Relatives throng hospitals to look for missing kin | delhi | Hindustan Times
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Relatives throng hospitals to look for missing kin

delhi Updated: Nov 16, 2010 18:29 IST

IANS
Highlight Story

The wall at the gate of LNJP Hospital's emergency ward is plastered with pictures of the dead... every now and then comes a wail as searching relatives discover the face of their missing kin among the dead.

For those looking for their relatives who lived in the east Delhi building which collapsed on Monday night, Tuesday for them has been rushing from one hospital to another.

Some others search through the list of injured with the hope of finding the name of their kin.

Puja, a housewife, was hoping to find her 17-year-old sister-in-law among the injured. She found her picture among the dead displayed outside the hospital.

"We had been looking for her since last night, just now I identified her picture here," she said wailing.

The building in Lalita Park area of Laxmi Nagar, which collapsed Monday night, had nearly 50 families, mostly migrants from West Bengal and Bihar living in it.

At least 65 people were killed and 130 injured in the collapse. However, those who lived in the building or had relatives residing there claim that many are still missing.

Sukhdev, whose sister and brother-in-law sustained serious injuries, says that over 200 people were there in the building when it collapsed.

"There was water in the basement, the three lower floors sank while the upper two floors collapsed and fell in the nearby park," he said.

JK Pandey from Bihar is searching for members of his sister's family who lived in the building.

"Three of them are critically injured. We are still looking for my sister's brother-in-law," he said.

"Earlier, we lived in the slums at Laxmi Nagar before they were demolished," said Pandey, adding that the low rents of the building made them choose to stay there.

The hospital staff had a tough time keeping the families of victims from entering the wards to search for their kin, or providing information.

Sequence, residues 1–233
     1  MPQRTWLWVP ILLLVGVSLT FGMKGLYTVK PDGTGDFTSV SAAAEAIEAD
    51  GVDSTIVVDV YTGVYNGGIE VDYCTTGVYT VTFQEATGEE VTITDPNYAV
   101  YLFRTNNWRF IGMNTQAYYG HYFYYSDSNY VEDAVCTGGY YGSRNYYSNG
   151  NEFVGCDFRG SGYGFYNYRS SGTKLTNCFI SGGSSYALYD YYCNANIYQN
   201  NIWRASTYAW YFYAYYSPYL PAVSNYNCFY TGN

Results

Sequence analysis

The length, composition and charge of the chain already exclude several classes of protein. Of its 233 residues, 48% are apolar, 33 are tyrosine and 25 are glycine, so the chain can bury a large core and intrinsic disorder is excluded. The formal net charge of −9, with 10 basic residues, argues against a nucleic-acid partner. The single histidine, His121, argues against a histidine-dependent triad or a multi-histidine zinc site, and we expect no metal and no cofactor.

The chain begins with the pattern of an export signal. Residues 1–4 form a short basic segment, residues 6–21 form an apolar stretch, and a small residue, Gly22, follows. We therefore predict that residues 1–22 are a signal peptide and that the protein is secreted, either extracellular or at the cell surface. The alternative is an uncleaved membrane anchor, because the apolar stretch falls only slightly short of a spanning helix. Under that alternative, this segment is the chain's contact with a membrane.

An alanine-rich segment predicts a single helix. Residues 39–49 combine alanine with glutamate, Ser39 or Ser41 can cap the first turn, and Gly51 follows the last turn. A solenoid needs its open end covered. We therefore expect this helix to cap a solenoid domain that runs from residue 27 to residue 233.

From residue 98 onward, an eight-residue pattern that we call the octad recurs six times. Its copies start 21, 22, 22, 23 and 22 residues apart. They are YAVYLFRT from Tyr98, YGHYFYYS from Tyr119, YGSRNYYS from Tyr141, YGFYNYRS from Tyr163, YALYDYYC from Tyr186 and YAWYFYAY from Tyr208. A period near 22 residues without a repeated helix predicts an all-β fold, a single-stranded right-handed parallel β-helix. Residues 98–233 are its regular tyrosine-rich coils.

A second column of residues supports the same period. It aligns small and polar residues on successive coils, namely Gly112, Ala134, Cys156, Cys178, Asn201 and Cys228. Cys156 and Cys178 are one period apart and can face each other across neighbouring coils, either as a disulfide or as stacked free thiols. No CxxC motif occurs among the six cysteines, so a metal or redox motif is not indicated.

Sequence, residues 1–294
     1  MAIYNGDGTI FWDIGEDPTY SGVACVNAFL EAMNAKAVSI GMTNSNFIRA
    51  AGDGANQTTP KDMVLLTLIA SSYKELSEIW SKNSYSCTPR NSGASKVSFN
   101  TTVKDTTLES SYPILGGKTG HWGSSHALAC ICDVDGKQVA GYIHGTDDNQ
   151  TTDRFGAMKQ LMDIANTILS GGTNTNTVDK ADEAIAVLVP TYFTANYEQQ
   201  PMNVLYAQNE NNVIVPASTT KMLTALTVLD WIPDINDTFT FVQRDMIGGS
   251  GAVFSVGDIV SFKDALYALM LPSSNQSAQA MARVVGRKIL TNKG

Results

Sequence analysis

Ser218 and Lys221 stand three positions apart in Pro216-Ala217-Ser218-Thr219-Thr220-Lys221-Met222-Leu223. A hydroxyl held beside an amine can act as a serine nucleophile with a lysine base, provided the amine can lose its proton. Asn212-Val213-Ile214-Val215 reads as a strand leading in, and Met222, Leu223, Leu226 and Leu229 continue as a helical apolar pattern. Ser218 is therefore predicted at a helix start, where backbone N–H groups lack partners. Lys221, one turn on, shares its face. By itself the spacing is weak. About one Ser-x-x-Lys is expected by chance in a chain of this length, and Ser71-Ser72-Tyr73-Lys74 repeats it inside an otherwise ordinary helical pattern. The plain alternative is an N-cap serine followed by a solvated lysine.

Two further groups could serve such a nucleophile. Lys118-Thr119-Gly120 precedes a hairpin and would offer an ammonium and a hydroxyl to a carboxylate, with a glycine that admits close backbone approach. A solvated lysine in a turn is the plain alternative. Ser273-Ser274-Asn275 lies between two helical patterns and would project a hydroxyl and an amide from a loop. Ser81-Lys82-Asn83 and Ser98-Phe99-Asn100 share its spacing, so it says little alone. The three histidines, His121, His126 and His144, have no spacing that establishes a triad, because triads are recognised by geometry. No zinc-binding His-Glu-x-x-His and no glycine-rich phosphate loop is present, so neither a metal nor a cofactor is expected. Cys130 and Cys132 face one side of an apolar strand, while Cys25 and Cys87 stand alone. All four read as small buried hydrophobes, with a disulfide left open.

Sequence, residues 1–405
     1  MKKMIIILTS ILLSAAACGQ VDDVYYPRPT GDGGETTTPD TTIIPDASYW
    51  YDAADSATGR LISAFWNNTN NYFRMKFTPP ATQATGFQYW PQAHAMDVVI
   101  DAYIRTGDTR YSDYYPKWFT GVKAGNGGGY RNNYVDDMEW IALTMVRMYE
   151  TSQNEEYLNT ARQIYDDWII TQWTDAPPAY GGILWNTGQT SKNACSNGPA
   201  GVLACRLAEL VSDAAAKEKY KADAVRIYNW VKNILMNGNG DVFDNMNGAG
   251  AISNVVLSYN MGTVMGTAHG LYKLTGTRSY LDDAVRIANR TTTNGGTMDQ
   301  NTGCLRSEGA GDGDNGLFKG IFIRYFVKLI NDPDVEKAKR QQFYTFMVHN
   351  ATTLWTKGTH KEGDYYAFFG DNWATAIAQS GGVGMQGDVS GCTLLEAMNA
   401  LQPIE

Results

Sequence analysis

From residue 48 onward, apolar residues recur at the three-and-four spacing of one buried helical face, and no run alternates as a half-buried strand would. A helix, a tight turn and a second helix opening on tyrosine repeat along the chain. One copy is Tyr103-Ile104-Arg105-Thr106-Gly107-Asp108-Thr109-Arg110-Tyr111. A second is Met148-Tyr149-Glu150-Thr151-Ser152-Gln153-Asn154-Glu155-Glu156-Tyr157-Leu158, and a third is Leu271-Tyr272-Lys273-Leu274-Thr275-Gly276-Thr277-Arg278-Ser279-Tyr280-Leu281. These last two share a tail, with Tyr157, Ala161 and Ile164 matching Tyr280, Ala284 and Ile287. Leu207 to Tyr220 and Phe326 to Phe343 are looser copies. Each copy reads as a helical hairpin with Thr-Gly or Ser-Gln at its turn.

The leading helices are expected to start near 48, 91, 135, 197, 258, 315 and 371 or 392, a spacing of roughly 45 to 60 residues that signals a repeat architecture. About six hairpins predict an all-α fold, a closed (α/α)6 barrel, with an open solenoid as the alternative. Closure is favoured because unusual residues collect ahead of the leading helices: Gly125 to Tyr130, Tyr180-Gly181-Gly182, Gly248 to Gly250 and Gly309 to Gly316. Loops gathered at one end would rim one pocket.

"They are not allowing us in. Can you help us please, we want to look for our people," said middle-aged Shyamali who was there looking for her uncle's family hailing from West Bengal.

Naresh from Saharsa in Bihar was looking for two of his room mates, Ravinder and Paltan. He was trying to persuade the guard at the door of the ward to let him in.

"I want to see if they are there. We have been looking for them all the while," said Naresh. "Five of us were living there, one had gone home. I and another room mate were out. Now we are trying to find the missing ones."

The guard outside the ward allowed some people to slip in for a while to meet their injured relatives.

"The doctors are tending to the injured, how can we allow any one in. Yet we are letting one or two go in once in a while," the guard said.

Hospital authorities, meanwhile, maintained that they were doing their best to help in identification of the injured and the dead.

"We have put the list of all injured with their names and sex mentioned; 28 injured are admitted at present. The first list was in fact put out at 1 in the night," Prof. Amit Banerjee, Medical Superintendent of LNJP hospital, told IANS.

"Of the 41 dead, 40 are unidentified. The faces of the dead are being photographed and displayed so that the relatives can identify," he said.

However, it was a nightmare for those running from one hospital to another trying to locate their loved ones.

"I first went to Hedgewar Hospital; there they asked me to come to LNJP. Then I was told to go to Lal Bahadur Shastri Hospital," said Vaishali Sharma from Faridabad who is looking for her maternal aunt's family.

"We just want to find them, but are running around," she said.

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